A few years ago, we decided to get rid of any server we could. We migrated from Exchange to Google Apps, moved our ticketing system from in house to hosted, and moved our Windows file server to Egnyte. I decided to write about this now, because a client was asking me about it.

For us, we didn’t need a typical file server. Most of us worked virtually. Even the users in the office were virtual considering everything resided at a datacenter. We had a site-to-site VPN setup between the office and the datacenter, and we had SSL VPN setup for remote users not in an office. Constantly accessing files via VPN gets old pretty fast though. We wanted our files quickly accessible while working on our day-to-day machines with no noticeable lag time as we dragged the files over our internet line. We also wanted the ability to share files easily and to have access from anywhere without VPN clients.

We looked at some of the bigger players at the time (Box, Dropbox, etc), and then we stumbled onto Egnyte. At that time, I couldn’t believe Egnyte was such an unknown because their solution was pretty damn impressive and extremely cost effective.

First I’ll explain our setup and then quickly go over some of the other features that we don’t use.

When I migrated our file server, I simply setup the folder structure that we had on our file server on Egnyte. I mirrored permissions as well. Then I simply used Egnyte’s drive mapping application on our file server to map a drive to Egnyte. From there, it was simple copy and paste.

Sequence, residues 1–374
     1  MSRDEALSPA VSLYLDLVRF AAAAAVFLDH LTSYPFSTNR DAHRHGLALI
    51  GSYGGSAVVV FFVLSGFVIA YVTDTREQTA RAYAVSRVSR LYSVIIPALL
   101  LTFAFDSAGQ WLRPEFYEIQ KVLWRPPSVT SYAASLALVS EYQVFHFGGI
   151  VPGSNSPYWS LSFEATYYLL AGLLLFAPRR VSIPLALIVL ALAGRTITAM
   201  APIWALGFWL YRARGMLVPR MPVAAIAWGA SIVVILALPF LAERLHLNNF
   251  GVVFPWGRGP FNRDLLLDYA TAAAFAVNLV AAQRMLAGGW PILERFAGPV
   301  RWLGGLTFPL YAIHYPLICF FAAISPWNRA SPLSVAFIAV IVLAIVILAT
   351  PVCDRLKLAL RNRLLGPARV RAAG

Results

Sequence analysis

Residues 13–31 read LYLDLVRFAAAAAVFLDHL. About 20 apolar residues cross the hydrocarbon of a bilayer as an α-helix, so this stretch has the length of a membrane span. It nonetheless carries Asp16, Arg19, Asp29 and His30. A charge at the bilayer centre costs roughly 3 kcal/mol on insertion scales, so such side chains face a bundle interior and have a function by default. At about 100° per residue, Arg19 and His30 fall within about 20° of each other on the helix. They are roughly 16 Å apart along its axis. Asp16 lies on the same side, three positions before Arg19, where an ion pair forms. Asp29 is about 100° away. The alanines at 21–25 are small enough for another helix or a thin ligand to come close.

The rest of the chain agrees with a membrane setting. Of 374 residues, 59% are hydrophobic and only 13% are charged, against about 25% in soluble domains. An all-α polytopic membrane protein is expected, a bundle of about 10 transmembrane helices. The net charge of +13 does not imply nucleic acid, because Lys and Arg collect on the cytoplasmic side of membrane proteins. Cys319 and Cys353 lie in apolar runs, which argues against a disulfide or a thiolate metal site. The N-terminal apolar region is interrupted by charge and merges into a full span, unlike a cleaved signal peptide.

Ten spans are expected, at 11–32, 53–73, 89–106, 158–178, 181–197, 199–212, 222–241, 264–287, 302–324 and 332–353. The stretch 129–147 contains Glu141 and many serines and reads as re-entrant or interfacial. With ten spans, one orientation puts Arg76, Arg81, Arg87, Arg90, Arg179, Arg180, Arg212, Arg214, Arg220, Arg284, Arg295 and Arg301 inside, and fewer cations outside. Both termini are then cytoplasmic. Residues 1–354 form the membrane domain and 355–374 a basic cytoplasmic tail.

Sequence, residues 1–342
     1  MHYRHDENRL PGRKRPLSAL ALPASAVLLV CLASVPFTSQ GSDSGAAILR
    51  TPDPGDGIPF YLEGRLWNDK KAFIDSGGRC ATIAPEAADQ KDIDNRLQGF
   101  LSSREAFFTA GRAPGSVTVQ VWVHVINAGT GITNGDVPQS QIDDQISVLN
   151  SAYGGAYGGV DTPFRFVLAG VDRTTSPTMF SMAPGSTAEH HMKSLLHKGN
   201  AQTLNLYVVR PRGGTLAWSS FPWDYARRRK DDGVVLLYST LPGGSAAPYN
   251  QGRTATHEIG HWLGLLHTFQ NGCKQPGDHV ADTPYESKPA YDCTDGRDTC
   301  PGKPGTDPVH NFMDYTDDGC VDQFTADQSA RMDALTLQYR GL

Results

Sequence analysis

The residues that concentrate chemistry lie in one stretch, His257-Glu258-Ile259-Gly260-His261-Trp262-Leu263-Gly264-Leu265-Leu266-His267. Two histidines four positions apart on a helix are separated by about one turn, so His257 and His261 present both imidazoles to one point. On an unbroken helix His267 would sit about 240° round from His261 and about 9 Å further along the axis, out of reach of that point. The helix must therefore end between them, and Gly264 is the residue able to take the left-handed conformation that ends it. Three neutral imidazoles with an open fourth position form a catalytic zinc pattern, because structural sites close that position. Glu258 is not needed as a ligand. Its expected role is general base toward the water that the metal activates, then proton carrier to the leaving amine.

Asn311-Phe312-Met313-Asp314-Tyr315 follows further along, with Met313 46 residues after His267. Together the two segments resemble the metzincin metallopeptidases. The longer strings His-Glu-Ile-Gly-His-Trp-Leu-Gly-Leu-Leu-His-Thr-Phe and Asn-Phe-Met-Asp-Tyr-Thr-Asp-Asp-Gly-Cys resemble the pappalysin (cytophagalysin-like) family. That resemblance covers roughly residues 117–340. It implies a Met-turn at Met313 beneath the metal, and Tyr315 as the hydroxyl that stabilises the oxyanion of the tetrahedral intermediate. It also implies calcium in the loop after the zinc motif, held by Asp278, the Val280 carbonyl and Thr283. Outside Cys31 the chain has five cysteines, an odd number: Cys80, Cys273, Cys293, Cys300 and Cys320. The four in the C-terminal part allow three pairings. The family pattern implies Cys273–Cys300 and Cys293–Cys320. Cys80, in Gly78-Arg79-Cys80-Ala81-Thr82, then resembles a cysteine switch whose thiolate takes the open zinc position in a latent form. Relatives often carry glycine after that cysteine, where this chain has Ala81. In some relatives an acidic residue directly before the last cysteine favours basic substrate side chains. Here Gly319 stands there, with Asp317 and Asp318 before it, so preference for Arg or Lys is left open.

Next, I had everyone download and install Egnyte‘s Personal Local Cloud software. This is a simple install where you’ll tell it where to store the local cache. Once the install is done, a web configuration interface opens up. From there, you enter your login credentials and specify which folders you want to sync locally.

That was it. Now, we were able to work with our files like they were local, but the PLC software would keep the cloud updated and everyone else’s local copy updated. It’s been a few years, and it’s still working well.

Since then, we’ve started using the mobile client on phones, tablets, etc, which all seem to work well.

There are some nice features if you are in an office, which we don’t personally use. Instead of installing the Personal Local Cloud on everyone’s machine, you can setup either their Office Local Cloud, which runs on a Netgear NAS, or you can set up the Enterprise Local Cloud, which is a VMware virtual machine. If you go this route, I recommend going with the ELC. It seems more reliable than the OLC. We have a client running both, and they had lots of issues with the OLC on the Netgear, which is why they are running both. It seems like many of those bugs have been worked out, but I’d still trust the ELC more than the OLC.

There are a few bad things about Egnyte. First, we’ve had issues with their support in the past. They have ramped up staffing on that, but we still have issues from time to time. Also, even though they have version control, which is a nice feature and a trash bin when you delete a file, you only have a certain amount of time before that file is purged from the trash bin. If you accidentally delete something and you don’t realize it before it’s purged from the trash, you risk losing it for good.

Also, they changed their web interface a year or so ago. I personally like the old interface better, but maybe I’m getting old. I’d recommend switching to classic.

All and all, it’s been a good choice for us. Maybe it’s something that will help you as well. If you have any questions, don’t hesitate to leave a comment.